Heavy Snow Pummels West Central United States, Forces Road Closures

Up to 30 inches of snow was forecast to drop in parts of the Black Hills region of western South Dakota from the storm, the National Weather Service said. “It’s not normal this time of year, but it is not unheard of,” said Cory Martin, meteorologist for the National Weather Service in North Platte, Nebraska. “But this amount of snow for an October storm is on the higher end.” Heavy rain, golf-ball sized hail and winds of 60 to 70 miles per hour were forecast later Friday in Oklahoma along with severe storms in Kansas, the National Weather Service said. The National Weather Service, which is running on a reduced staff because of the federal government shutdown, issued blizzard and severe winter storm warnings across the Upper Plains through Saturday morning. The Black Hills of South Dakota had seen up to 19.5 inches of snow on Friday morning and up to 10 inches had fallen in Wyoming, the National Weather Service said. The heavy snow had caused some power outages in the Casper, Wyoming area. South Dakota Governor Dennis Daugaard ordered state offices closed in the Black Hills and six counties in the southwestern part of the state and said further closures are possible. Interstate 90 was closed for about a 220 mile stretch from Sturgis, South Dakota, to Sheridan in northeastern Wyoming, according to transportation departments in both states. The National Weather Service was forecasting from 8 to 18 inches of snow in northeast Wyoming and the western South Dakota plains, and 18-30 inches in the highest regions of the Black Hills and up to a foot of snow in Nebraska. (Additional reporting by Heide Brandes; Editing by David Bailey and Diane Craft)

United States to fly long-range drones from Japanese base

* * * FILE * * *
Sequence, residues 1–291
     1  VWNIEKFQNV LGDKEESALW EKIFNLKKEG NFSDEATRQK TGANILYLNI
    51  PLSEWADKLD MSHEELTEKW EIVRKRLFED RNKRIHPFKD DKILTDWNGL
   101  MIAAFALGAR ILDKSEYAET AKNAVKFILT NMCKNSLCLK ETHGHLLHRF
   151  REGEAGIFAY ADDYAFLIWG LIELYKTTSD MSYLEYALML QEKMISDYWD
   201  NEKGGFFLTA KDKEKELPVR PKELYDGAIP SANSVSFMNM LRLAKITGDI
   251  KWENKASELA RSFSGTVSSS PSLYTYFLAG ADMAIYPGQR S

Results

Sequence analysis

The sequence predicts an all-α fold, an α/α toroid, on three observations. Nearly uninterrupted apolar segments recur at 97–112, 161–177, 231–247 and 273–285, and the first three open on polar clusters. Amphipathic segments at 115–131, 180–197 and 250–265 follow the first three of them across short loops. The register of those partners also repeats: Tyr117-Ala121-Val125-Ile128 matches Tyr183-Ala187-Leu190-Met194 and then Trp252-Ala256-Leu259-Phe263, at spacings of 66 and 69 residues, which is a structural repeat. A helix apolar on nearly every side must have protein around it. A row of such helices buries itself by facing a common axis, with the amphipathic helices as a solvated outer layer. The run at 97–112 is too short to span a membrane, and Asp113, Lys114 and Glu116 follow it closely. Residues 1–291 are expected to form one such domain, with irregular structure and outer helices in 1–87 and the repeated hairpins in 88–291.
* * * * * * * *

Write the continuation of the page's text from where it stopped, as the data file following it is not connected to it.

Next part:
Officials in Beijing had criticised Tokyo in recent days over reports that the Japanese military was considering acquiring its own Global Hawks, saying the move could escalate tensions. China is also engaged in a bitter territorial dispute with Japan over the Senkaku Islands, an uninhabited group of outcroppings in the East China Sea that Japan nationalised last year, sparking confrontations between the two countries ships deployed in the area. Besides flying missions over North Korea, the Global Hawks would presumably give the United States and Japan better information about the movements of Chinese ships in the vicinity of Senkaku. The same goes for Chinese ships elsewhere in the region, such as the South China Sea, where China is mired in territorial disputes with the Philippines, Vietnam, Thailand and other countries. The US military has flown drones over Japan in the past on a temporary basis, including after the 2011 earthquake and tsunami, but next year will mark the first time it will base them in that country, according to US officials. They said the drones would be deployed on a rotational basis, meaning they could be moved elsewhere, such as Guam, for months at a time. In addition to the Global Hawks, P-8 maritime surveillance patrol aircraft will also start to be deployed in Japan in December, US and Japanese officials announced. It would be the first time the aircraft will be stationed outside the United States. The cutting-edge capabilities of the P-8, which I saw demonstrated last summer, will greatly enhance the allies ability to conduct surveillance, particularly over the open seas, Hagel said at a joint news conference with Kerry, Japanese Defence Minister Itsunori Onodera and Foreign Minister Fumio Kishida. US President Barack Obama’s administration has made a point of stressing its ties to the Pacific region and showing up for Asian events as part of its pivot to Asia policy. The joint US Cabinet visit went ahead despite the government shutdown that led President Obama to curtail his own planned trip to Asia next week. Kerry will fill in for Obama for visits to Malaysia and the Philippines. The security measures announced Thursday should give both Japan and the United States greater protection and better intelligence about the activities of North Korea and China, one an adversary and the other a wary partner and sometime competitor. There are different threats and different kinds of threats, Kerry said at the start of the joint session on Thursday. So it is important for us to recognise that this bilateral alliance remains a vital element of our respective national security strategies. In addition to the drones and the P-8 maritime patrol aircraft, Japan and the United States announced that a new antiballistic radar station would be built in Kyogamisaki, in southern Japan, and become operational sometime in the next year.